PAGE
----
The formula S x S x D is used to calculate the absence points for an employee. Where S equals the number of spells of absence in the last 52 weeks. D equals the number of shifts of absence in the last 52 weeks. This is used to identify trigger points to prompt further action; it is not used in isolation but as a tool to facilitate absence management. The trigger points used are as follows: Counselling for first incident of absence.

  • 50 – 124 points verbal warning
  • 125 – 399 points first written warning
  • 400 – 649 points final written warning
  • 650 and over termination of contract

The main purposes of the return to work interview are:

  • To welcome the employee back to work and provide an update about any developments which have occurred during their absence
  • To check that employees are fully recovered and capable of performing their duties
  • To see whether Bumbles can provide any additional support
  • To review the employee’s absence record and Bradford Factor score and discuss any patterns of absence which are apparent and which cause concern.

The return to work interview should be conducted sensitively and in private by a member of the management team. The Manager will, taking account of all relevant circumstances, discuss with the employee the acceptable level of attendance at work, the employee’s level of sickness absence and the reasons for the absence. The manager should indicate clearly to the employee the improvement in attendance required and set targets accordingly to assist the employee in making a satisfactory improvement with a review date.

At each stage in the procedures the employee shall be reminded that he/she may choose to be accompanied by a Trade Union representative or colleague. In the circumstances where there is an identifiable health problem, or a decision is made for the employee to be referred to the occupational health service, refer to the section entitled Medical Examinations. Following the review of the absence record at the end of the monitoring period, if the employee is unable to achieve and maintain the agreed acceptable level of attendance at work the matter may be dealt with in accordance with Bumbles disciplinary procedure.

Measures to deal with prolonged / long-term sickness absense

Long-term sickness absence will normally be regarded as a continuous absence from work for at least four weeks or over. Whenever a case of long-term absence is identified, the manager must review the circumstances of the case. It is the responsibility of the manager to ensure communication is maintained with the employee and they are contacted within four weeks of their absence. Where it is considered that the absence is likely to continue for an uncertain period of time, the manager must arrange a meeting with the employee concerned within the four-week stage.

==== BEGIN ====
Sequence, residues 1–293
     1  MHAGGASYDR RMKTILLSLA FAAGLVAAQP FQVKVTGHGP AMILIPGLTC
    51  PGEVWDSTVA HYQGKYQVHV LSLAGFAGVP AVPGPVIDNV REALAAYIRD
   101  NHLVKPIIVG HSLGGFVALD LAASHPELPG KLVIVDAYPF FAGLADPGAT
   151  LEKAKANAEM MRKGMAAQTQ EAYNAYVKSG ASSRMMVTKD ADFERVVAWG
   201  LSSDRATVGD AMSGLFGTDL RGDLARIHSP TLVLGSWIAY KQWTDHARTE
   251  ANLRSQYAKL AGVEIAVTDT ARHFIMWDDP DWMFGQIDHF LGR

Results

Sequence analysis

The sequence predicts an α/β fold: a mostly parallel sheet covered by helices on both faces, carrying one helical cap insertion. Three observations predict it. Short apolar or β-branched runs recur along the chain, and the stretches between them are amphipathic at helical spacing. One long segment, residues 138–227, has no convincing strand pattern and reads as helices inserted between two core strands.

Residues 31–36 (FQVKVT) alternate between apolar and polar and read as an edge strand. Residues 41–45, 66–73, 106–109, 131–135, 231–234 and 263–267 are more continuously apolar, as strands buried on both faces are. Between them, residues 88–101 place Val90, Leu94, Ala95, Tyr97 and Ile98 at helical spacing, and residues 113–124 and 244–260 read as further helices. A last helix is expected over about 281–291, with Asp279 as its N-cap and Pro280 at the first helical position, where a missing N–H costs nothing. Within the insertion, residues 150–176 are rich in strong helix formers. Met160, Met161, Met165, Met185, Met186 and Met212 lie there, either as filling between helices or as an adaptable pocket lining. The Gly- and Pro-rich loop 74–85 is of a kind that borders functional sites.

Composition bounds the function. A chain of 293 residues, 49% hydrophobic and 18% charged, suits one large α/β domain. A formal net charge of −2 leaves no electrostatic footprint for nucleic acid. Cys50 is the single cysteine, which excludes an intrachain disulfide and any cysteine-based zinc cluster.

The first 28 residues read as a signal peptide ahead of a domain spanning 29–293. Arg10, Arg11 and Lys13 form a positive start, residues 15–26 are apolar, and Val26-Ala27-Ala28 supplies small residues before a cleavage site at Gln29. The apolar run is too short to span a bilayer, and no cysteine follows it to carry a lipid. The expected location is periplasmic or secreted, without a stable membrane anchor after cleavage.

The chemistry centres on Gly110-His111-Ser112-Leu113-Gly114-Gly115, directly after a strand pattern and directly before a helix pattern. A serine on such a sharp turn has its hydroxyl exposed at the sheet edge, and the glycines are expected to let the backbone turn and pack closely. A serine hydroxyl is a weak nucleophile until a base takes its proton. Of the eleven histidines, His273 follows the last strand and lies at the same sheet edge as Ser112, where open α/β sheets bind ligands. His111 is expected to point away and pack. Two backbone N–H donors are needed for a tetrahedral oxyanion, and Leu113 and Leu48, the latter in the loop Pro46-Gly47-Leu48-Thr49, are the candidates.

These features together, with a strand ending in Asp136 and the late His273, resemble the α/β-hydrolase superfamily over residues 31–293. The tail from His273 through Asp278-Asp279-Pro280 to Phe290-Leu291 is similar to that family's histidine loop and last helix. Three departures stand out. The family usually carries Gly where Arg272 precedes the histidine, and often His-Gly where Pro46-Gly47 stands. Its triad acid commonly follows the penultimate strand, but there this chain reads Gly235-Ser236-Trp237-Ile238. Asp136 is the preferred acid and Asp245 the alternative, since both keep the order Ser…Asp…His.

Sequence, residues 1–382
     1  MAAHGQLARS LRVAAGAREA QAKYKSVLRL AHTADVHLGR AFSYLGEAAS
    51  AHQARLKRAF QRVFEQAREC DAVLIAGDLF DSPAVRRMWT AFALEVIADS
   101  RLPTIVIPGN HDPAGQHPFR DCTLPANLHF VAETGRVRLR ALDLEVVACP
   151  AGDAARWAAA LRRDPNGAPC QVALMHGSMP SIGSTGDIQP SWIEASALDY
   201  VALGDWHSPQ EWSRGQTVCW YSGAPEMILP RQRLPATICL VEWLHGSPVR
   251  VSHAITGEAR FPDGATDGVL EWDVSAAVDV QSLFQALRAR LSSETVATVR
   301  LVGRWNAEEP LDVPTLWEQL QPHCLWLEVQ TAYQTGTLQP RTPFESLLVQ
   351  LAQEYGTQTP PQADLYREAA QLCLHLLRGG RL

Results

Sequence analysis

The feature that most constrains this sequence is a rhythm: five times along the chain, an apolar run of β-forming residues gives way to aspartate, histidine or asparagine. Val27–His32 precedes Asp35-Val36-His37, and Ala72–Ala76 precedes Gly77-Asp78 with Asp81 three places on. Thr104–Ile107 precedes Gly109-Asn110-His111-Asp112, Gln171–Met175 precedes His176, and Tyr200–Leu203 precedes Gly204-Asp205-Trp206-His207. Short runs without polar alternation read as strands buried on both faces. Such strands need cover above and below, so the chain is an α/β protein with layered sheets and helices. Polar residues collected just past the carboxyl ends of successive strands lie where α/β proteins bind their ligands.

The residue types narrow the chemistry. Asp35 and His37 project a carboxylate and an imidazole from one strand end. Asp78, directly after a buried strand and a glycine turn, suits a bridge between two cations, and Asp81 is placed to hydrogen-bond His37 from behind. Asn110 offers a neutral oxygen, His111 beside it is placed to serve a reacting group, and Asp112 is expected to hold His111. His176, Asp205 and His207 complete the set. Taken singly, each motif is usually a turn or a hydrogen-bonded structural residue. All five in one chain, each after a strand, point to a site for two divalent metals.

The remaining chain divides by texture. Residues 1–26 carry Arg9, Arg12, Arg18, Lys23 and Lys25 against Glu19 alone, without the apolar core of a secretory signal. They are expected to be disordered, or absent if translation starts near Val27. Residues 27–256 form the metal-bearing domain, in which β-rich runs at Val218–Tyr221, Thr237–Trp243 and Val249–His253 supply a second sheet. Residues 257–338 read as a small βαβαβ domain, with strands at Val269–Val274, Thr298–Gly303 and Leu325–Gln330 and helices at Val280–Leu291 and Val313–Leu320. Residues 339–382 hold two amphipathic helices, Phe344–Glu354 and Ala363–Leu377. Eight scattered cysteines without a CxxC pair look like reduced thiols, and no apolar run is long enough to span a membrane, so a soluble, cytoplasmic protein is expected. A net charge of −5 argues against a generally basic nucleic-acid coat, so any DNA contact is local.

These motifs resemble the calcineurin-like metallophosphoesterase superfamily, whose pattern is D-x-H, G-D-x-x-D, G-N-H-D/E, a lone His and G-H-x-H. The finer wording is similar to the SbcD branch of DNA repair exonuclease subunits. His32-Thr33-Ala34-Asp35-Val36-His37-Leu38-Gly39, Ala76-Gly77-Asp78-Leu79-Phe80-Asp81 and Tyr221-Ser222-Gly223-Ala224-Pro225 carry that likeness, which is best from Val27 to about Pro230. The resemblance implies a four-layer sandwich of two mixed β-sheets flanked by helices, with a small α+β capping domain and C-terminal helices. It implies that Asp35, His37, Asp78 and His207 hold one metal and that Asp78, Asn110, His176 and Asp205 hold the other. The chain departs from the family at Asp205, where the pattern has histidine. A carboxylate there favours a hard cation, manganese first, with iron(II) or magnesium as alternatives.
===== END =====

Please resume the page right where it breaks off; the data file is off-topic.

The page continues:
The purpose of the meeting is to consider:

  • The employee’s current state of health;
  • The likely duration of the sickness absence;
  • The employee’s expectations concerning his/her future fitness to return to work;
  • Any potential impediments to an early return to work.

A record should be made of the meeting and confirmed in writing to the employee by the manager. A copy will be retained on the employee’s personal file.

Medical examinations

An employee may be required, as and when the manager considers it necessary or advisable, to agree to a referral to the occupational health service. In such circumstances the employee must be advised of his/her rights under the Access to Personal Files and Medical Records (Northern Ireland) Order 1991. The examination will allow management to determine, in the best interests of the employee and having regard to the operational requirements of the service, what further course of action, if any, is considered necessary in the circumstances. Where the examination reveals an inherent medical problem, the issue should be dealt with as a capability issue as outlined in the section entitled Capability on Grounds of Ill-health. Where no underlying health problem is identified and the employee’s level of attendance gives cause for concern the matter should be treated as an attendance issue and dealt with in accordance with sections entitled Conduct and Unauthorised Absence.

Capability on grounds of ill health

Where the occupational health report confirms an underlying illness or medical complaint, an employee is entitled to sympathetic consideration by Bumbles. In many cases an employee who suffers such ill health will receive the medical treatment, remedial surgery, etc. that will result in an acceptable rate of recovery being achieved. Where the prognosis is such that frequent or prolonged absence will be a continuing feature, then the case would require to be treated in terms of the Disability Discrimination Act 1995. An employee will satisfy the definition of disabled under the act if he or she has a “physical or mental impairment which has a substantial and long term adverse effect on his or her ability to carry out normal day to day activities”. At this point the matter should be fully discussed with the individual in the presence of his/her representative where appropriate and the various options identified. In cases where ill-health, retirement or dismissal on the grounds of capability are being considered and the occupational health professional judgement is contradictory to that of the employee’s own GP then, as part of good management practice, it is expected that an independent medical examination should be carried out and a decision taken on the basis of that report.


Where the occupational health report confirms no underlying health disorder, or where the individual’s level of attendance at work gives serious cause for concern, the issue may be one of conduct rather than capability and should be dealt with in accordance with the Bumbles Disciplinary Procedure.

Unauthorised absenses

Unauthorised absences will be investigated and may be treated as misconduct and consequently dealt with in accordance with the disciplinary procedures.